Mirko Baricchi, Alberto Scodro
Casso (I), Dolomiti Contemporanee, Nuovo Spazio di Casso
August ― September 2019
Non-Euclidean Paths gathers twenty canvas and sculptural pieces all recently conceived by the artists at the Nuovo Spazio di Casso, as well as a few works developed in residency that bring together some of the most meaningful environmental stimuli of the location. The title of the exhibition deals with the birth, in the 1800s, of the non-Euclidean geometry, which allowed that branch of knowledge to go beyond the theories based on Euclid’s postulates, widening its analytical and generative potential. As a matter of fact, Non-Euclidean Paths studies how an artwork is the result of a mental flow and of a physical stratification process characterized by non-lineal trails. In the artist’s practice, indeed, contradictory executions, as well as temporal developments in anti-chronological form are frequently observed, which make ordinary interpretation criteria inadequate and require interpretative models never before created. The artwork – and, more in general, the very effort carried out by the artist – isn’t therefore an orderly and coherent Cartesian track, but the result of numerous and heterogeneous instances, which all shape the path in a tangled manner. That encourages the spectator to have the same approach of a person who moves inside an unknown woods, where he has to pay attention to the trees’ position, the slopes, the moss, the water of a torrent to a huge and untraversable rocks.
The practice of Mirko Baricchi is exclusively focused on painting, and it is mainly based on the executive process, that is characterised by a quick and incessant procedural method, based on actions of spreading and removal of colour on the surface. The physical work is pivotal in his practice, on the canvas that, in the continuous contradiction of doing-deleting, gains an explorative function. The pieces in the Selva and Wood series, which are displayed in Casso, call back to the world of the woods and of the wild, populated by a tangled and foggy forest made by horizontal, vertical and diagonal elements. The paintings are, at the same time, bidimensional images and mental spaces in which the gaze can rest for a walk, additional landscapes that live inside the artist’s head and in the psychic projections of the observer.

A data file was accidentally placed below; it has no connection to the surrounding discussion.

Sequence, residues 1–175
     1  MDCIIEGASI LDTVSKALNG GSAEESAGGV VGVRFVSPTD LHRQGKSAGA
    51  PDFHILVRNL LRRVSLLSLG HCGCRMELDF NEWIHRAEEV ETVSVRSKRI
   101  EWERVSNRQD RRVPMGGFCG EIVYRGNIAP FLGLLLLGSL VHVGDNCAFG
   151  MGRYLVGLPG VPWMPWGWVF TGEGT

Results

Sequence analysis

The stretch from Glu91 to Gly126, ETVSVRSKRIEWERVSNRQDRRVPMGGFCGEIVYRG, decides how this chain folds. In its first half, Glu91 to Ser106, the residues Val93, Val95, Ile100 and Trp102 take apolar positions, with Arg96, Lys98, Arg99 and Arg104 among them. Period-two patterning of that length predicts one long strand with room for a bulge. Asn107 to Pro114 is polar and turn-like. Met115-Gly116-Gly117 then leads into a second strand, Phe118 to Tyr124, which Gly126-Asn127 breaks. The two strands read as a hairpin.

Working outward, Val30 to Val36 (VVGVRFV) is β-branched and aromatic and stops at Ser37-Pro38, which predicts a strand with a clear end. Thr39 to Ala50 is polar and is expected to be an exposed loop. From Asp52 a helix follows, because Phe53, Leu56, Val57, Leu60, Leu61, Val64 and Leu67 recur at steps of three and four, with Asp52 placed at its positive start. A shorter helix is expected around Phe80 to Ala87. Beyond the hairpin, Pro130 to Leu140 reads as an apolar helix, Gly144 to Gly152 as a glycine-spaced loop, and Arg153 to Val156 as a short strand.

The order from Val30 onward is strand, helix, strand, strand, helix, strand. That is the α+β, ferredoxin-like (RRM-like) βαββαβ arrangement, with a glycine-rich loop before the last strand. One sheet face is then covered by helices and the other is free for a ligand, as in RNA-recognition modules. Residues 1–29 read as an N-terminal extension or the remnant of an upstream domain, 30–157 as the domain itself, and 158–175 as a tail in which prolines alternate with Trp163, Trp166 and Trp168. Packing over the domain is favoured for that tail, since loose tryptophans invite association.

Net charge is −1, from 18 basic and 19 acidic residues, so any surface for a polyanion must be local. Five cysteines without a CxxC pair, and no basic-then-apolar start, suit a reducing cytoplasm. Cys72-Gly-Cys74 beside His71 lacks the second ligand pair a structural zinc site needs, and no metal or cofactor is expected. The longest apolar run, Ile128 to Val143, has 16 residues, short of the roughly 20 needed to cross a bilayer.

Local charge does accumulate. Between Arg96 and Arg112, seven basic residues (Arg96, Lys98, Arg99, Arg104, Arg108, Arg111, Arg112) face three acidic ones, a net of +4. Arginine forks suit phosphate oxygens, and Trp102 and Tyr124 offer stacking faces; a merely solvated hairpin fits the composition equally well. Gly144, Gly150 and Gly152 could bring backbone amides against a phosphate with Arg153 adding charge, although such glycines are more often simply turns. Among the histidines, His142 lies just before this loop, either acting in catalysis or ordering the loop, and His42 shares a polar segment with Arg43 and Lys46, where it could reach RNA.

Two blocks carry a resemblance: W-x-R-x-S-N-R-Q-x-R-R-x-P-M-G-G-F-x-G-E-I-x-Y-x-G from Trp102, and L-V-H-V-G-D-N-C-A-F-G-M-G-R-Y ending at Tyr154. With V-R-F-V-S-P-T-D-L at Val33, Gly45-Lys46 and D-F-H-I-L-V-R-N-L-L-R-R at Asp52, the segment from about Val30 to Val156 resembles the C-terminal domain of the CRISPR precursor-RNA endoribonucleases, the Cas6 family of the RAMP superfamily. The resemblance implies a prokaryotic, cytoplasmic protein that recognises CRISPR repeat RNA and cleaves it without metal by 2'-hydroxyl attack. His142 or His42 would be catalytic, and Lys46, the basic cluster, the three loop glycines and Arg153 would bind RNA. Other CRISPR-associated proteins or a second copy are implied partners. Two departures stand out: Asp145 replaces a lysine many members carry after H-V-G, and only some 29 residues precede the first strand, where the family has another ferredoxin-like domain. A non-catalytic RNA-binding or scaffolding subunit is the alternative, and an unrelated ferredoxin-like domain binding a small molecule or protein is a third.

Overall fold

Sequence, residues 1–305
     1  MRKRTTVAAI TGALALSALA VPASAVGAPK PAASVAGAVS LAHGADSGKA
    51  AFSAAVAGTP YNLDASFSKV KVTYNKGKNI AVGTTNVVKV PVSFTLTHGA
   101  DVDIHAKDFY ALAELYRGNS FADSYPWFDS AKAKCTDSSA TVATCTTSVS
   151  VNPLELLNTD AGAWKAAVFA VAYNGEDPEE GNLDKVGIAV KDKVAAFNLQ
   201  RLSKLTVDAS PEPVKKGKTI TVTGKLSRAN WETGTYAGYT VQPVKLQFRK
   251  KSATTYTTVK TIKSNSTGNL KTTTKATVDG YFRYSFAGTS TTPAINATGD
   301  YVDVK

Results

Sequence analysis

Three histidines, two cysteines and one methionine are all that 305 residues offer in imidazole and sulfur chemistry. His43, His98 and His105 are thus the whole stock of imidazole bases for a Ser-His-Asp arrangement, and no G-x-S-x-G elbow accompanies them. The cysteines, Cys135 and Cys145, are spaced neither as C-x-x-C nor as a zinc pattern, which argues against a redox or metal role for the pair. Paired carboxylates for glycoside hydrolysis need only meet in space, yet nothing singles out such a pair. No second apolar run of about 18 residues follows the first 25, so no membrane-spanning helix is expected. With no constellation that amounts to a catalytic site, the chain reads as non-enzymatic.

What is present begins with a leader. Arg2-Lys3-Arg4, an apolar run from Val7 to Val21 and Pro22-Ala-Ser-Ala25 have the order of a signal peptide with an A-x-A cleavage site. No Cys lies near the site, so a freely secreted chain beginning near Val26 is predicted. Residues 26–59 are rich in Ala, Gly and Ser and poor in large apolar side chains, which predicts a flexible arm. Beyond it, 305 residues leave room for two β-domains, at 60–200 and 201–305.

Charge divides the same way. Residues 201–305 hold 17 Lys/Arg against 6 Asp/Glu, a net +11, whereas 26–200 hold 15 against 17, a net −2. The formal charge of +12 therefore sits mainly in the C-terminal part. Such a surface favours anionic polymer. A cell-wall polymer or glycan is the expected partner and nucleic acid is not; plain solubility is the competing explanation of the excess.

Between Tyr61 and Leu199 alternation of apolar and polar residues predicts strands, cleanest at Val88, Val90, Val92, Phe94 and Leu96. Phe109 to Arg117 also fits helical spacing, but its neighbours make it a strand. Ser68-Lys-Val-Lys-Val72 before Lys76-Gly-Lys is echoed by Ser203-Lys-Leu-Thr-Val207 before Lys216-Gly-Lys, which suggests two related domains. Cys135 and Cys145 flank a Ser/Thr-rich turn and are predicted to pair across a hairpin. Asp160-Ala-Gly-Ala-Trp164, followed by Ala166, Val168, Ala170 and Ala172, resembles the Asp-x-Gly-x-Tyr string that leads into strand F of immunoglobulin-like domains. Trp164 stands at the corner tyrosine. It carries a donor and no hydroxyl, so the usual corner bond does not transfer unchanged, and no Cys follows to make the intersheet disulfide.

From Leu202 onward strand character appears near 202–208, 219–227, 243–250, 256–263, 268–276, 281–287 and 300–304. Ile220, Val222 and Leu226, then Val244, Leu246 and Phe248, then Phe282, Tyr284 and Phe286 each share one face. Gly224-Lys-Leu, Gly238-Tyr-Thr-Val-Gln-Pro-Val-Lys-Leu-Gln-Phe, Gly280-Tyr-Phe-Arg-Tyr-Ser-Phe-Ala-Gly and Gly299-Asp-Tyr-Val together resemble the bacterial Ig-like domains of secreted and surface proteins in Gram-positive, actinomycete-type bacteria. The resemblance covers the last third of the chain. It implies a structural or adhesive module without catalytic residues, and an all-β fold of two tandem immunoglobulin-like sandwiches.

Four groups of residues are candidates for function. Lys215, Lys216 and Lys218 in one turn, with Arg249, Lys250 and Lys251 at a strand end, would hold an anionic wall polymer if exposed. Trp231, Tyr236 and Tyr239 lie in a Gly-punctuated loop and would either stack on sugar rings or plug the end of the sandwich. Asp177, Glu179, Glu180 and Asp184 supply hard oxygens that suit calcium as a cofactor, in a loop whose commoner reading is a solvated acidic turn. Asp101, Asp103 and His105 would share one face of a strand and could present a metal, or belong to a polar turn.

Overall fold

The research of Alberto Scodro is focused on highlighting tension lines and patchiness of locations, architectural structures, and matter, which are the object of essentially sculptural and installation-like compositions, many of which are site-specific. In particular, the artist turns his attention on the expressive possibilities existing in the chemical-physical characteristics of materials, in the deformations and alterations sparked by temperature, not to mention on the surprising, and at times ironic, combination of constructional elements. The pieces in Casso bring together some recent sculptures made by way of incoherently stratifying sands, glass crystals and objects, as well as a piece that displays, in a sculptural way, the complexity and creativity of animal architecture.